Akkineni Nageswara Rao, Anjali Devi, A.V. Subbarao, Relangi Venkatramaiah, T. Kanakam, Balamani, Surya Sri, Jr. Lakshmi Rajyam
It was the most eventful year in the first two decades of the Telugu talkie. Of the seven films released in 1949, five turned out to be big hits. The year also saw the first Telugu film being dubbed into another language, Tamil. The credit goes to Raja Meka Venkatarama Apparao Bahadur, better known as Mirzapuram Raja. The Sobhanachala Studio owner and producer also debuted as a director with Keelugurram starring Akkineni Nageswara Rao in the lead with Anjali Devi in a role with shades of grey. Fascinated by the commercial success of folklores, the Raja asked his writers to come up with a similar subject. Thapi Dharma Rao, ably assisted by the noted story-teller Sadasivabrahmam (however his name does not figure in the credits), got ready a new tale, inspired by Kasimajili Kathalu, and wrote the dialogue and the lyrics for the film. Chitrapu Narayanamurthy, who had earlier directed all of Raja’s productions, did the screenplay.
On a hunting expedition, Prasena Maharaja is spotted by a demon, who takes a fancy for the Maharaja and wants to marry him. Assuming a human form as Bhuvanasundari, she lures him into wedlock. The devout Queen Prabhavathi receives her with warmth. Bhuvanasundari and her maid Kekini clamour for their carrion diet and begin to savour on the elephants and horses. They place the blame on Prabhavathi and the King orders her to be taken to the forest and killed. The executioners take pity on the Queen, who is in an advanced state of pregnancy, and leave her in the forest, but not before plucking her eyes to show them to the King and Bhuvanasundari.
Prabhavathi delivers a boy and finds shelter in a hamlet, where the boy grows up as a valiant teenager, Vikramasimha. He comes to know of his parentage and enters the capital to set things right for his mother. Meanwhile, the Anga Raja’s daughter Suguna is kidnapped by a demon who is none other than the elder sister of Bhuvanasundari. The King proclaims that whoever brings his daughter home will be rewarded with her hand in marriage. Vasudeva, an astrologer, finds out that the girl is held captive by a demon at a faraway place beyond the three seas. His sculptor Pratap makes a mechanical horse that can fly. But who will take the flight on it? Vikrama successfully takes a ride on the magic horse. On his adventurous journey, Vikrama saves not one but two princesses, Vidyavathi who is about to be given as a sacrifice to Kali by a wicked tantric, and Suguna, the daughter of Anga Raja. Through Suguna he learns that the life of both the demons Bhuvanasundari and her elder sister lies in two bugs kept in a box on a mango tree at a faraway place guarded by a ‘rakshasa’ with dangerous snakes lurking around. Vikrama undertakes the adventurous journey, kills the elder demon, comes to the capital on the magic horse with the two princesses, completes his mission by killing Bhuvanasundari and unites his parents.
Thanks to Chitrapu Narayanamurthy’s taut screenplay, the nearly three-hour movie sustains viewers’ interest. In fact he ghost directed most of the scenes for the Raja. What made the movie so engrossing was the trick work done by M.A. Rahman. The wooden magic horse was created by art director T.V.S. Sarma.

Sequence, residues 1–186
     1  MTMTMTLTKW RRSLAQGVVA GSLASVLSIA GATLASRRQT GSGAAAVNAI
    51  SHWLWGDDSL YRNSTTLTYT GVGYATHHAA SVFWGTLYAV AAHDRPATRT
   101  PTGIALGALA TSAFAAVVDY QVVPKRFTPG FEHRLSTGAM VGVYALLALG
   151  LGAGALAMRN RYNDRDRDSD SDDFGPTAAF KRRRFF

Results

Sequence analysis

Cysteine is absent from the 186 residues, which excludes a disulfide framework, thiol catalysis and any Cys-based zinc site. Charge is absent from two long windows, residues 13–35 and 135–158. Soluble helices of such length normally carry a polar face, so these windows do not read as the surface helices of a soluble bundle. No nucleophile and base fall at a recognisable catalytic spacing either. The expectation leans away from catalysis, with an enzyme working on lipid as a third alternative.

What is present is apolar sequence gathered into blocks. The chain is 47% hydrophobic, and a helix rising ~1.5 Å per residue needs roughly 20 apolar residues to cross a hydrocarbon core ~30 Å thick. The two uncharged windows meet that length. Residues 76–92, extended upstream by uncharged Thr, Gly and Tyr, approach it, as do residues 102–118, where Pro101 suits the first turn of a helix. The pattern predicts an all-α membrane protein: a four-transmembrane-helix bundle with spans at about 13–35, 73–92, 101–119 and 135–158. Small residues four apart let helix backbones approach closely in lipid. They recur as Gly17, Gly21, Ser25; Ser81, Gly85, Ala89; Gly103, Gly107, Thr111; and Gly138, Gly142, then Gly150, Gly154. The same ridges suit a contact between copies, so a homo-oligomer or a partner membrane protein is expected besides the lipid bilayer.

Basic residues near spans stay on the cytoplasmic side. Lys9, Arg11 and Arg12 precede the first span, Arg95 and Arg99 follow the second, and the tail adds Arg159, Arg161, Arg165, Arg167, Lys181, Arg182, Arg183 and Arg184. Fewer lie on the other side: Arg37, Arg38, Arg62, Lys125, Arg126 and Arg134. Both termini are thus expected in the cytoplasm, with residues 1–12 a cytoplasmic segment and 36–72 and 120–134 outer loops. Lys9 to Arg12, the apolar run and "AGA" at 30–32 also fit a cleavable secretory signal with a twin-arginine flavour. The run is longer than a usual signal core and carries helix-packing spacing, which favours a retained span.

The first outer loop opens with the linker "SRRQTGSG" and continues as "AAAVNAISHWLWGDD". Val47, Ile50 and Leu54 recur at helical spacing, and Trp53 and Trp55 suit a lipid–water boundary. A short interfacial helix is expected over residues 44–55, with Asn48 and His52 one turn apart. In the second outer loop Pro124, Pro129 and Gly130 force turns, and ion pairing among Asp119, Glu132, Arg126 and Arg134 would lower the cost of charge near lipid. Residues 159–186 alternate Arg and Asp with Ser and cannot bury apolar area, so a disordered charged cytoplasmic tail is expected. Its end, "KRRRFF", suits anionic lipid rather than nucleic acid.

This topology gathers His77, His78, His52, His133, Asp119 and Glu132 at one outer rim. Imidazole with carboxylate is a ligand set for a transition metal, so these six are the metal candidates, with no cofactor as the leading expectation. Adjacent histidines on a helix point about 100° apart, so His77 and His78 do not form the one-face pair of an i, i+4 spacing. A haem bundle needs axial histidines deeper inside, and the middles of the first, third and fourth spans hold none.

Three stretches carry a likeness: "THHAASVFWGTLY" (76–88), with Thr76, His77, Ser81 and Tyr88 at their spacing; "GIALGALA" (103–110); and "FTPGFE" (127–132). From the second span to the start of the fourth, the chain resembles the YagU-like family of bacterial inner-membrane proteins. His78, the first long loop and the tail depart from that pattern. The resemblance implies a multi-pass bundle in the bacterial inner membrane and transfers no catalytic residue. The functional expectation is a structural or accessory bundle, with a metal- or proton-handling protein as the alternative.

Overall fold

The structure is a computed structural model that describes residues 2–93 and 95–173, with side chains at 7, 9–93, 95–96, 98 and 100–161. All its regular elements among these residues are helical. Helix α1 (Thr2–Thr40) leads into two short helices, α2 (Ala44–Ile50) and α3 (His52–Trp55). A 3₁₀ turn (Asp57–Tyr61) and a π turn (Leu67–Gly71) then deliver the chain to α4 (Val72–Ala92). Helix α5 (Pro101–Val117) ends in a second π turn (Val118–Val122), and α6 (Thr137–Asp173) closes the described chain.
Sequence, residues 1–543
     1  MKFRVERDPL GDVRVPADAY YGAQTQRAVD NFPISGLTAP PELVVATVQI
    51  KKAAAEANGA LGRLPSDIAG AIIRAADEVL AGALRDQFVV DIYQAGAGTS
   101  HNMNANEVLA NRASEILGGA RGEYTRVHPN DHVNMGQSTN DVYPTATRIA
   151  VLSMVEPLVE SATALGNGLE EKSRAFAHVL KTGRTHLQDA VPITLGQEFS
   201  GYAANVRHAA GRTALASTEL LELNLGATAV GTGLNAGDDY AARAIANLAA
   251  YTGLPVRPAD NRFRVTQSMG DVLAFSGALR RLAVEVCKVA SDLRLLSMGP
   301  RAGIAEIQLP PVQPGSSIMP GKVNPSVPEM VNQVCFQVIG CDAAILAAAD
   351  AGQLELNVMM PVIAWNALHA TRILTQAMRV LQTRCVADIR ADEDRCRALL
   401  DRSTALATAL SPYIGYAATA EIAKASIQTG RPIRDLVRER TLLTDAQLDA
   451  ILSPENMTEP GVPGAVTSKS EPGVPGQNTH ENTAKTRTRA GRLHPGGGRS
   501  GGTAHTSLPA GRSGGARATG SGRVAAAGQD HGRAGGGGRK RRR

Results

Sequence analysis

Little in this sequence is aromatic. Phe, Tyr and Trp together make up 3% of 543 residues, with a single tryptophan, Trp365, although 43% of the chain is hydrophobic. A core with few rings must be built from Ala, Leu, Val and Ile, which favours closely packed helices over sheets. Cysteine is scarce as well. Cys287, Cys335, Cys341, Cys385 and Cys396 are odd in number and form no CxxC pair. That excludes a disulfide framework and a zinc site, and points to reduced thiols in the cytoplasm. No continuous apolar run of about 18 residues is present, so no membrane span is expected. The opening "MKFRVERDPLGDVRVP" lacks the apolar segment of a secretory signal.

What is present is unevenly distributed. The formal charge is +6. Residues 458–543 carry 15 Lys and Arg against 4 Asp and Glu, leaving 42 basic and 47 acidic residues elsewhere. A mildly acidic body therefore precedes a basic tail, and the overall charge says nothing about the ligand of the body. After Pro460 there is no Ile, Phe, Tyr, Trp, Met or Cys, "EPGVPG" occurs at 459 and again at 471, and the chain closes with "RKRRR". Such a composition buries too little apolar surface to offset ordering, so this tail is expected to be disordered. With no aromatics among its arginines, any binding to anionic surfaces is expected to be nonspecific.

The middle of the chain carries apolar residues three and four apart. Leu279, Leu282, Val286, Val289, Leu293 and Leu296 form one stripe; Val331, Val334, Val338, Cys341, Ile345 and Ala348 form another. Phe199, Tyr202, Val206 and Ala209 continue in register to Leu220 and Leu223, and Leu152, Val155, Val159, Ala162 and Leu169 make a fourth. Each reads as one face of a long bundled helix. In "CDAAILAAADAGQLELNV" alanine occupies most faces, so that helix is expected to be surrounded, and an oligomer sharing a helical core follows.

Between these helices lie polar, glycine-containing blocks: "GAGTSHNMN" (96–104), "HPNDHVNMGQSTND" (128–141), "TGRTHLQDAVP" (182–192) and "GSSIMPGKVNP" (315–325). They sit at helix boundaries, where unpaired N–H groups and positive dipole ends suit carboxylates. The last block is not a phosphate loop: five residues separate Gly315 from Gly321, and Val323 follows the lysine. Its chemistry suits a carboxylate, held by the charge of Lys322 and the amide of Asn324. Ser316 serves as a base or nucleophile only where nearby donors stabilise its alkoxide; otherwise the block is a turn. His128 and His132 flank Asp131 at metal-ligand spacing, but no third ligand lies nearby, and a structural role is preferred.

If ‘Balaraju’ won him stardom, it was ‘Keelugurram’ that established ANR as the much sought-after hero. Anjali Devi at first expressed apprehension at being type cast in a negative role, but after persuasion, accepted the job on the condition that the Mirzapuram Raja’s actress-wife and her friend C. Krishnaveni sang for her. Krishnaveni agreed and rendered all her songs, including the hit number, ‘Theliyavasama palukagalama.’ Apart from her dancing prowess (choreographers: Vedantam Raghavaiah and Vempati Pedda Satyam), Anjali Devi showcased her brilliance as an actress. A.V. Subbarao as Prasena Maharaja and Balamani as Prabhavathi managed to underplay their characters. Relangi as the King’s Man Friday Govindudu tried to evoke a few laughs along with Kanakam who played Kekini. Pucha Viswanatham was cast as the astrologer and Koteswara Rao as the sculptor while Suryasri and Jr. Lakshmi Rajyam played the two princesses Vedavathi and Suguna respectively.
Among the songs tuned by Ghantasala Venkateswara Rao the evergreen hit number, ‘Kaadu suma kala kaadu suma…” rendered by him and Vakkalanka Sarala and shot on ANR and Jr. Lakshmi Rajyam stands out.
Released on February 19, 1949 Keelugurram was such a big hit that it celebrated a 148-day run at Maruthi Talkies in Vijayawada and hundred-day run at other centres. Incidentally, a day before the film’s release, ANR married Annapurna at Denduluru near Eluru.
Keelugurram also created another history. While it was in its shoot, Lanka Satyam approached Mirzapuram Raja for the story to be made in Tamil by Jupiter Pictures. The Raja agreed. Lanka Satyam named the film as Mohini and directed it. Madhuri Devi and T.S. Balaiah were in the lead, with the then upcoming actors M G Ramachandran and V.N. Janaki in supporting roles. But the audience could not relish the pot-bellied Balaiah on a magic horse (the role played by the handsome ANR in the Telugu version). The film flopped. But, funnily, the shrewd Raja dubbed Keelugurram into Tamil as Mayakkudirai, which turned out to be a big hit. Keelugurram thus created history by becoming the first Telugu film to be dubbed into Tamil.